Could Participating in the Home Run Derby Really Mess Up Kris Bryant’s Swing?
Bobby Abreu set a Home Run Derby record when he blasted 41 homers at Comerica Park in 2005, more than the combined total of the next two closest competitors (David Ortiz and Pudge Rodriguez had 20 each). It was a magnificent display. It also caught a great deal of blame from the drop-off in Abreu’s power numbers that season.
Through the first half of the season, the Phillies slugger had recorded 18 home runs in 89 games; not a gaudy number, but pretty significant for a guy whose career high high was 31 in 2001. Following that record-setting performance in Detroit, however, Abreu tallied only 6 home runs in 73 second-half games.
In 2008, a clean-and-sober Josh Hamilton smacked 21 home runs in the first half of the season prior to a monumental round in the Derby that saw him delight viewers with 28 dingers in the first round at Yankee Stadium. But just as he fizzled in the contest, hitting 4 and 3 shots in the subsequent rounds, Hamilton launched only 11 homers for the Rangers in the 2nd half of that season.
I’m sure there are more examples, but I think you understand where I’m going here. Many have theorized that the Derby forces players to alter their swing, whether due to their competitive desires or to put on a show for the fans. Either way, there’s a pervading thought that those guys could have a hard time adjusting back to their normal swing upon returning to actual baseball.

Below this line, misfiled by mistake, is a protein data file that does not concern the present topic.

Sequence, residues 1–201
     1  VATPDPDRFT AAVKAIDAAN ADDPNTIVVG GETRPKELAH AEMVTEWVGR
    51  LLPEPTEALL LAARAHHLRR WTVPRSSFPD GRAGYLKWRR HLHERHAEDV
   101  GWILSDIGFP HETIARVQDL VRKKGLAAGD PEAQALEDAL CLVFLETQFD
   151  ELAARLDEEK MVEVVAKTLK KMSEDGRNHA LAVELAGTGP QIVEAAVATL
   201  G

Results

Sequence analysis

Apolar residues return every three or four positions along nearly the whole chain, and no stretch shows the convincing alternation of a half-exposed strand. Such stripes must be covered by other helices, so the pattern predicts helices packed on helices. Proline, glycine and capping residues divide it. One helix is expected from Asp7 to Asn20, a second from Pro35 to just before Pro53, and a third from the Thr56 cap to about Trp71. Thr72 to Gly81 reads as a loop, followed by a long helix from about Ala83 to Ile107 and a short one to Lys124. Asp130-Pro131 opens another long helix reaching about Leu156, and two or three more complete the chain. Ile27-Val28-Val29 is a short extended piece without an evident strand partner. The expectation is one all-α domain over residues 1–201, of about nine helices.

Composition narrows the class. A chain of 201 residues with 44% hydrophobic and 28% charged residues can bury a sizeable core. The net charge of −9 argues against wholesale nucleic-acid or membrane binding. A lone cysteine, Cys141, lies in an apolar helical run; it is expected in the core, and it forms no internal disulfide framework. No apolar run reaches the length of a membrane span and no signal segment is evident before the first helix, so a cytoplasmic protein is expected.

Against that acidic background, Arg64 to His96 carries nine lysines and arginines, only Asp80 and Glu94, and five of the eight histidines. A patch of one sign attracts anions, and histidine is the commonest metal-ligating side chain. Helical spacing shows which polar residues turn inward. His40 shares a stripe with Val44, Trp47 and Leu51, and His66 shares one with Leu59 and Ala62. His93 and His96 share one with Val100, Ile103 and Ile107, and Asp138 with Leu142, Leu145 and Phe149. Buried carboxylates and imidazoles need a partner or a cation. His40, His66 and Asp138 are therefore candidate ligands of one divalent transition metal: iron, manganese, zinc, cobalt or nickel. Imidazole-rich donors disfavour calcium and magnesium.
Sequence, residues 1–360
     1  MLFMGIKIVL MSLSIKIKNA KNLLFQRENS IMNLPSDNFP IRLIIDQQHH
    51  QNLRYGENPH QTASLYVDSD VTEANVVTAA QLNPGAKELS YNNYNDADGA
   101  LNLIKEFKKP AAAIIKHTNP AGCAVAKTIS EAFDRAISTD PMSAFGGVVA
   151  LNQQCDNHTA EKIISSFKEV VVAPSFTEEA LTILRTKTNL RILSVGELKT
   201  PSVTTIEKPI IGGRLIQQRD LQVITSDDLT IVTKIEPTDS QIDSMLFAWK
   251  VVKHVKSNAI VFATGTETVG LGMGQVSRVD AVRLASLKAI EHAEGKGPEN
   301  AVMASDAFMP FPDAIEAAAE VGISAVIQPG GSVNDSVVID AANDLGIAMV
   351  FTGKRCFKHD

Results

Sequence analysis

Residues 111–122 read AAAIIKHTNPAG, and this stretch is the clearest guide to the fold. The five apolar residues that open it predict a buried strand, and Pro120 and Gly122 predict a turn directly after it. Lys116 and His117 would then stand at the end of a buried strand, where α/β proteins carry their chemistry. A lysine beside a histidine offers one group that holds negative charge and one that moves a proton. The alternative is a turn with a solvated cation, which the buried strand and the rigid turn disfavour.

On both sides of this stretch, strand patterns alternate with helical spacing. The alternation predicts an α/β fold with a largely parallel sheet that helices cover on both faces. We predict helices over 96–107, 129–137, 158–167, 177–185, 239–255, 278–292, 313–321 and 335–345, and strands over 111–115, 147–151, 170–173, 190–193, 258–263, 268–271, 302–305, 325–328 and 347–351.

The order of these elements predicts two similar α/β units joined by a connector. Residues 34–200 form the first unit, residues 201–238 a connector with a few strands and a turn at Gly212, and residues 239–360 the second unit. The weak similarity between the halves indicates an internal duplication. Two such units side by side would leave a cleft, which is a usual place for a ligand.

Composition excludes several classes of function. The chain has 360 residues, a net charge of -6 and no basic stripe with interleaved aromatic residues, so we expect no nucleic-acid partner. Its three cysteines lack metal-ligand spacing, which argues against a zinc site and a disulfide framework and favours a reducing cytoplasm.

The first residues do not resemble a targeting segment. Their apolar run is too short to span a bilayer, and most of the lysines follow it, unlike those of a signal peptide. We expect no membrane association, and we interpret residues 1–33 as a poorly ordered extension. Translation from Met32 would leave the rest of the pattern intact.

I’ve never really believed that was true, as hitters who’ve worked entire lifetimes to perfect their swings shouldn’t be irreparably damaged by one evening of trying to hit nothing but home runs. But as much as I’ve dismissed it, there’s still a nagging sense of “what if?” That’s particularly true when it comes to Kris Bryant, who, as I wrote earlier, wants to participate in the 2015 Derby.